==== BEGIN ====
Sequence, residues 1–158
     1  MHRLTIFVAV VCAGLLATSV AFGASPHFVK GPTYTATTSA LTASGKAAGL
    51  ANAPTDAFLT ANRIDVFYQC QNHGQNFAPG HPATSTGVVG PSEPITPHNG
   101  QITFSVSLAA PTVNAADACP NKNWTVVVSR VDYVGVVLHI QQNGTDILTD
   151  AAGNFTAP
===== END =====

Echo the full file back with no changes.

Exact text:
Sequence, residues 1–158
     1  MHRLTIFVAV VCAGLLATSV AFGASPHFVK GPTYTATTSA LTASGKAAGL
    51  ANAPTDAFLT ANRIDVFYQC QNHGQNFAPG HPATSTGVVG PSEPITPHNG
   101  QITFSVSLAA PTVNAADACP NKNWTVVVSR VDYVGVVLHI QQNGTDILTD
   151  AAGNFTAP